What if you were accidently prescribed Lamisil instead of Lamictal? Or Losec instead of Lasix? Would you notice the prescription error? According to the U.S. Pharmacopeia’s (USP) eighth annual national report, more than 1,500 commonly used drugs are involved in errors linked to drug names that “look alike or sound alike” (LASA). In fact, each of the top 10 most prescribed drugs in America can be confused with at least one other drug.
The result of this can be serious. Recently, the U.S. Food and Drug Administration released a warning regarding a mix-up involving two medications that led to a serious eye injury. A patient was given a wart removal medication, Durasal, instead of the steroid eyedrop, Durezol. Each year, LASA drug errors harm an estimated 1.5 million patients in the United States, including errors that have caused or contributed to patient deaths.
The examples given in the first paragraph involved trade name medications with similar sounding names, but generic medications can be confused also. For example, the generic antihypertensive medication clonidine (Trade name Catapres) is sometimes confused with the tranquilizer clonazepam (Trade name Klonopin). Taking the wrong one could result in someone with hypertension being inadequately controlled (but very relaxed), or someone for whom a tranquilizer was prescribed having abnormally low blood pressure. With increased prescribing of generic drugs, these types of error are likely to occur more often.
Drugs with similar names can also be confused when prescribing orders are handwritten. Poor penmanship could easily result in prescribing errors involving the medications Celebrex (an anti-inflammatory), Cerebryx (a seizure medication), and Celexa (an anti-depressant). Making matters worse, when the dosages of medications are similar, such as with metformin (a diabetes medicine) and metronidazole (a medication used to treat infections), the person dispensing the medication loses an important clue distinguishing between medications.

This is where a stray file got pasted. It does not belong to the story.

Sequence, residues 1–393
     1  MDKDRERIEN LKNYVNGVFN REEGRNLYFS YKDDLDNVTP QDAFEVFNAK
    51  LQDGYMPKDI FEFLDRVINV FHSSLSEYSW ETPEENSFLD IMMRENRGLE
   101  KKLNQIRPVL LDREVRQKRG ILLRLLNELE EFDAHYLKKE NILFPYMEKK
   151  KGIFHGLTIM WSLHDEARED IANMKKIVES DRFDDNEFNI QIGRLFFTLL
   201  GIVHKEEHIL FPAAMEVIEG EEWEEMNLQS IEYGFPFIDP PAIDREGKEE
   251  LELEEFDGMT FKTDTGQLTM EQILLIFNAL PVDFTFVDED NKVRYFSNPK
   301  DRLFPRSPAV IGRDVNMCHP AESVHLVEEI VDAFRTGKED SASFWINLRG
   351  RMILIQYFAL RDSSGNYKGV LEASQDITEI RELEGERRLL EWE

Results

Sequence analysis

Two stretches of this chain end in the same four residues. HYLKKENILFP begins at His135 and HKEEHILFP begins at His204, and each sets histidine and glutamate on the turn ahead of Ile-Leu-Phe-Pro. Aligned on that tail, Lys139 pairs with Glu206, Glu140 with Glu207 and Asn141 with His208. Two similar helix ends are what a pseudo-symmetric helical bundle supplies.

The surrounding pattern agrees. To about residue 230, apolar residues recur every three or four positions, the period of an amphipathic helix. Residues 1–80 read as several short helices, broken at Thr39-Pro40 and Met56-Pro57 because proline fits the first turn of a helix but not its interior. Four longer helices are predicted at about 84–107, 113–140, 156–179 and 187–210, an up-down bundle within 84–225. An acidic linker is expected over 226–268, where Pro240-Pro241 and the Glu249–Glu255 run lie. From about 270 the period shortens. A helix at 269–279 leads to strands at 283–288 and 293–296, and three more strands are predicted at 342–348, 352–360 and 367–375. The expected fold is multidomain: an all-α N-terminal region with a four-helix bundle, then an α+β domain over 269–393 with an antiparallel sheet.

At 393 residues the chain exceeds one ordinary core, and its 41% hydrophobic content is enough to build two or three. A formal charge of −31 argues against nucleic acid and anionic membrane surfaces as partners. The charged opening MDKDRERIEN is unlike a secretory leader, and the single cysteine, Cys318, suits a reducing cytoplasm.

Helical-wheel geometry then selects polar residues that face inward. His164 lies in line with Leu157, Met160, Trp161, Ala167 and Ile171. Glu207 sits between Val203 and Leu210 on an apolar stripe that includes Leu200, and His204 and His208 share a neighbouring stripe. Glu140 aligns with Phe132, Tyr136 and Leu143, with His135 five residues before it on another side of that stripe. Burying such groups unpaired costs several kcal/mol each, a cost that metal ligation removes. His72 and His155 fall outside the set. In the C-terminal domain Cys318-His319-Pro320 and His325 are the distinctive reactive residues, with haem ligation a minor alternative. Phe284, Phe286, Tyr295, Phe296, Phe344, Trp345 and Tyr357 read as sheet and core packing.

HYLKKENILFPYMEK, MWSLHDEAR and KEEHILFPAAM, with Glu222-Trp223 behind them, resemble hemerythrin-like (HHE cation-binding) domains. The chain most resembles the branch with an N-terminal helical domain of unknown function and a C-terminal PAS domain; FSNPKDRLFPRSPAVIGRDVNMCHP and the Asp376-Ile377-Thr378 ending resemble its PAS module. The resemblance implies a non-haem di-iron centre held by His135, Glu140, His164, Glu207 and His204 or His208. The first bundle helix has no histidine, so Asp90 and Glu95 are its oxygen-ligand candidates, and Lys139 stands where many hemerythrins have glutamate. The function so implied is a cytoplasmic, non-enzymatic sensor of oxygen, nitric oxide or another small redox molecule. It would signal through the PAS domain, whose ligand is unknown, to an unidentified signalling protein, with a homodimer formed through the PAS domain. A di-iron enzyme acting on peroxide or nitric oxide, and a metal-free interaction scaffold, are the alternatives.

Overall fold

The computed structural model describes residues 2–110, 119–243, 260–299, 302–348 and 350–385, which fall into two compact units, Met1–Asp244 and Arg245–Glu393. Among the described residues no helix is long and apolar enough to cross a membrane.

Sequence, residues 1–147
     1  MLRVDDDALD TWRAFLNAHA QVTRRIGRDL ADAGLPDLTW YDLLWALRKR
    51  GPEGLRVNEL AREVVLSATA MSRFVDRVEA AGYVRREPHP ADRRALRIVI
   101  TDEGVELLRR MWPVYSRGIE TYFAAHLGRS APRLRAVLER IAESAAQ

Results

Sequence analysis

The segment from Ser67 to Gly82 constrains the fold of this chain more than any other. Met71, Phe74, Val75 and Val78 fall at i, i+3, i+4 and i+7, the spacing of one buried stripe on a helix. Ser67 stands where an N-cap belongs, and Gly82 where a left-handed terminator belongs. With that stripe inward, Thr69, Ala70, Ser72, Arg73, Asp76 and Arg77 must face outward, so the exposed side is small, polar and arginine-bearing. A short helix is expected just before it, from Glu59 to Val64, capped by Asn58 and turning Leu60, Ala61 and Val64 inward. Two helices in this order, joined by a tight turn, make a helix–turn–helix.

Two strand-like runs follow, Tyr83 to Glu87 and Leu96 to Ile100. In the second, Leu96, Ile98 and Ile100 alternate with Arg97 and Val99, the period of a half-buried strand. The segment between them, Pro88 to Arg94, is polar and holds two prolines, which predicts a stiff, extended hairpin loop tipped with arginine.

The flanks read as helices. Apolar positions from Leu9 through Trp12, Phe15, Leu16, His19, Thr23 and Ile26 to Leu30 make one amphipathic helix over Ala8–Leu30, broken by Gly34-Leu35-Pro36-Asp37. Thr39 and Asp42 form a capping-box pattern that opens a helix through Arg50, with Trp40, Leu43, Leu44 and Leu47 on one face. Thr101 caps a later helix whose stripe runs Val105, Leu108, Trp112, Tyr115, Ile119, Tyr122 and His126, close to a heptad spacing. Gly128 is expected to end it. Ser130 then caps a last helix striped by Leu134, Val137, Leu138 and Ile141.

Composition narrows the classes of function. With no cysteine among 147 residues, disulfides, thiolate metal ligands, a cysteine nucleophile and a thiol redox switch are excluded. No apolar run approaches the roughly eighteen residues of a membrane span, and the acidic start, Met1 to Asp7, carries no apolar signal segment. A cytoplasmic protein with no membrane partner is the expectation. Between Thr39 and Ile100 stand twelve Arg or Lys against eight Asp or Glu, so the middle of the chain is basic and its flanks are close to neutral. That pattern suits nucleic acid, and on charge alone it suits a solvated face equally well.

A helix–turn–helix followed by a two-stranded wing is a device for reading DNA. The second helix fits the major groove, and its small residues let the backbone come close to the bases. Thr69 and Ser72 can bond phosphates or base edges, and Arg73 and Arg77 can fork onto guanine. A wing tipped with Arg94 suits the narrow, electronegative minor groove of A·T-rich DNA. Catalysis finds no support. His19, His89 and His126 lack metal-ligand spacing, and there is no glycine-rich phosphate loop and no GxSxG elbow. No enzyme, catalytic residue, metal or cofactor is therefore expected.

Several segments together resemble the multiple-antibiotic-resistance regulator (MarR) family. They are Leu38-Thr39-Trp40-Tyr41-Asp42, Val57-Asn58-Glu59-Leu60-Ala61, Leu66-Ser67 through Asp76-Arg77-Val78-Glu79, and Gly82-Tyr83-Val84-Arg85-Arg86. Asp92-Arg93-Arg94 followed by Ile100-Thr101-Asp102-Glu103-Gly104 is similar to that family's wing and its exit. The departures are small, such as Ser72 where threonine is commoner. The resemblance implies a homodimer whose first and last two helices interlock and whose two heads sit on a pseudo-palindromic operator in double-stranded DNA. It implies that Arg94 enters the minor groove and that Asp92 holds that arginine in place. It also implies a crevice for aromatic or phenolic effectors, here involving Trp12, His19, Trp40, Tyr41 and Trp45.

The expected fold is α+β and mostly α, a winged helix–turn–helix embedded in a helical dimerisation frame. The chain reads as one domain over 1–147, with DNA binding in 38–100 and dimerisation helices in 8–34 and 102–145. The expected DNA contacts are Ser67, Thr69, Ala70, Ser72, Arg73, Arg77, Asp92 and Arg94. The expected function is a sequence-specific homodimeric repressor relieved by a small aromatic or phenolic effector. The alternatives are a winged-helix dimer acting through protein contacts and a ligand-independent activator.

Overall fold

How professionals are dealing with this problem. Increasingly, doctors are using computerized record systems that generate printed prescriptions. When prescriptions are delivered by telephone, Pharmacists and technicians may ask to verify drug names and dosages. A system called “Tall Man lettering” that uses a combination of upper- and lower-case letters has been advocated as an additional way to prevent errors. With that system, the LASA medications, prednisone and prednisolone, would be written as predniSONE” and “prednisoLONE”. Doctors have also been encouraged to avoid using abbreviations of drug names and to make sure that the “indication”, or reason that the drug is being prescribed, is included. On the governmental level, the FDA screens proprietary names as part of the drug approval process to avoid any confusion with products already on the market. This would not affect, however, those drugs or supplements that are not FDA approved.
What you can do to avoid LASA medication errors:
- Assume that any prescription could involve a LASA error and be sure the drug in
hand is the same as the one on the prescription.
- Check the reason that a drug has been prescribed on the bottle’s label or ask the
pharmacist for this information.
- With any new medication, undergo counseling from the pharmacist to learn more about
the medication, its proper use and side effects.
- Don’t store LASA drugs near each other. Place them on a different shelf or location.
- Dispose of all expired medications and medications no longer needed to decrease
the risk of confusing it with a recently prescribed medication.
The Institute of Medicine has developed a list of hundreds of LASA drugs. Go
here to see if your medication can be confused with another.